Sotheby's Asia Week sale stars estimate-smashing $5.68m Chinese scroll
The 12th or 13th century scroll beat is estimate by 468% at a Sotheby's Asia Week auction
Paul Fraser Collectibles, Saturday 24 March 2012
As Asia Week in New York has clearly demonstrated, the market for Chinese art is booming. Each of the world's major auction houses have recorded exceptional results, with pre-sale estimates tumbling, and bidding among collectors more competitive than ever.
Nowhere was this more evident than Thursday's (March 22) auction of Fine Classical Chinese Paintings at Sotheby's. Amidst an auction room packed with some of the world's top collectors, the event's pre-sale estimate of $9.8m-13.7m was quickly surpassed as it raced to a final result of $35.2m.
"Our total of $35.2m is more than double the pre-sale high estimate," said Iris Miao, head of the classical Chinese painting department at Sotheby's New York.
"Collectors and museums from across Asia and the US responded with enormous enthusiasm to this showcase of the finest Chinese paintings and calligraphy works dating from the 12th century to the 20th century, with collectors particularly seeking the most important pieces that came with notable provenance."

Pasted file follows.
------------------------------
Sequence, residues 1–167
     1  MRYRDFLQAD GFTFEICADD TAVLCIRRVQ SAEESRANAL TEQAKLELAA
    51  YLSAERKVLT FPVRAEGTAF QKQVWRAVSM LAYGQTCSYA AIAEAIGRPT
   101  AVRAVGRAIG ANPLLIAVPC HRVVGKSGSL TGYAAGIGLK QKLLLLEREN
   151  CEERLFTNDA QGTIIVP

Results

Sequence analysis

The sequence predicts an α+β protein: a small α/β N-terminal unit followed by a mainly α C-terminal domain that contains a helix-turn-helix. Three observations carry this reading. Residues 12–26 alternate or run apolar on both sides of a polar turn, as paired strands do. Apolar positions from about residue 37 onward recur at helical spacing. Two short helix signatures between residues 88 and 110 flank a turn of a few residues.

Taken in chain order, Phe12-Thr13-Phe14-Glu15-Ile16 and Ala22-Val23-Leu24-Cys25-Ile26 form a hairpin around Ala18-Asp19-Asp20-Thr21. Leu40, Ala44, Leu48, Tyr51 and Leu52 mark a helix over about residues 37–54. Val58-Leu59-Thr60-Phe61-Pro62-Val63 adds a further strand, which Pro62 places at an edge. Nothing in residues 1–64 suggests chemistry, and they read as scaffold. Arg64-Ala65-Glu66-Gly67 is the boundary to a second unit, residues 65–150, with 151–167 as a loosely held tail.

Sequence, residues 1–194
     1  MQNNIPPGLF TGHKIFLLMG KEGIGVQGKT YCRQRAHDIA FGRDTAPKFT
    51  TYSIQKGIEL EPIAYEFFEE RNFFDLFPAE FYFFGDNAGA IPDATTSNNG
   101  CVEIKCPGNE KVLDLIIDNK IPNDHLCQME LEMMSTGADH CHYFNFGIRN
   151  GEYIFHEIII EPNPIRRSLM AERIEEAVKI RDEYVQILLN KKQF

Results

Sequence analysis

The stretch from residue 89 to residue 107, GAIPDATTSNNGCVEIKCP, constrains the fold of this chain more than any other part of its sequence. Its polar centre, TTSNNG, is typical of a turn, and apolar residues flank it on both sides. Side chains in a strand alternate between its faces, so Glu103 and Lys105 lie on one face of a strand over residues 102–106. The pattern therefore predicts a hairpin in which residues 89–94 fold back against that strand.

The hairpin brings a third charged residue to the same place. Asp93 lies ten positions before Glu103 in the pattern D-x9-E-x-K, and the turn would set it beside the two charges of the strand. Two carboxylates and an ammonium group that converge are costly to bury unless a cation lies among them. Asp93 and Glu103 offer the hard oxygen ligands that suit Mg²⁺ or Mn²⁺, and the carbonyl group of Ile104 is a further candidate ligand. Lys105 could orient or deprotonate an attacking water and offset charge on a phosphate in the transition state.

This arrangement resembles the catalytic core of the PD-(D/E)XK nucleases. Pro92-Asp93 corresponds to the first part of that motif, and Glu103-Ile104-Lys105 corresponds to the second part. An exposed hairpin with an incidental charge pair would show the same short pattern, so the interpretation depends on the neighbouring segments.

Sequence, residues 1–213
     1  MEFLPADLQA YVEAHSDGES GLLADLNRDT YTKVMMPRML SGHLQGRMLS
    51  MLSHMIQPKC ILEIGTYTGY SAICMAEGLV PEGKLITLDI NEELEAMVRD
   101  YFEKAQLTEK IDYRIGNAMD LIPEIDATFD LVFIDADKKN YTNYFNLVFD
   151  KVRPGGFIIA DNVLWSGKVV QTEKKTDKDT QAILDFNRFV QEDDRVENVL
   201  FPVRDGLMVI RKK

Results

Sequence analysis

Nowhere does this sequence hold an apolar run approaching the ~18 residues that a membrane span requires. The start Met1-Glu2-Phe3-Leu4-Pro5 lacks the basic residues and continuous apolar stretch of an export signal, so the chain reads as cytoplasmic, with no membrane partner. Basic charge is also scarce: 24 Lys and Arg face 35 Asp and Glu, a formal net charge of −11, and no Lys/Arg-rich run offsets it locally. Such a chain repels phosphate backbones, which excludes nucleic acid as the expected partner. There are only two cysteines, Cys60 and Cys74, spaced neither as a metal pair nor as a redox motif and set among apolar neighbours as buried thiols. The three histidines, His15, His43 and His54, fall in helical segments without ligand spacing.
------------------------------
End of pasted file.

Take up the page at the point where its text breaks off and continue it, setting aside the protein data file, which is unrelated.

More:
Topping the auction was "Calligraphy in Various Script Forms by the emperors of the Southern Song, 12th to 13th Century from an Important European Collection". This superb handscroll, made up from three separate fan leaves and one album leaf of poetry written by the first four emperors of the Southern Song dynasty, sold for $5.68m, 468% above its $1m estimate.
It was followed by Wen Jia's "Thatched Cottage In The Southern Village" (Nancun Caotang Tu), a copy of an original work by the celebrated Yuan dynasty artist Wang Meng. Valued at $200,000-250,000, the work smashed its estimate to sell for $5.12m and set a new record for the artist's work.
In total, nine lots broke the $1m barrier. Of particular note was "Eagle Perching on the Pine" by Qi Baishi, which sold for $1.98m, continuing the trend which saw Baishi become the world's second top-selling artist in 2011.
Although the results were far beyond the pre-sale estimates, the success of the sale will come as no surprise to those with an eye on the art market.
The Mei Moses index, which tracks art market prices based on global auction sales, showed that the value of traditional Chinese art rose 20.6% in 2011 making it the market's best-performing category.
With numerous record prices established throughout the week, and bidding often reaching frenzied levels, the triumph of Asia Week is yet further evidence that China looks set to dominate the art market for years to come.
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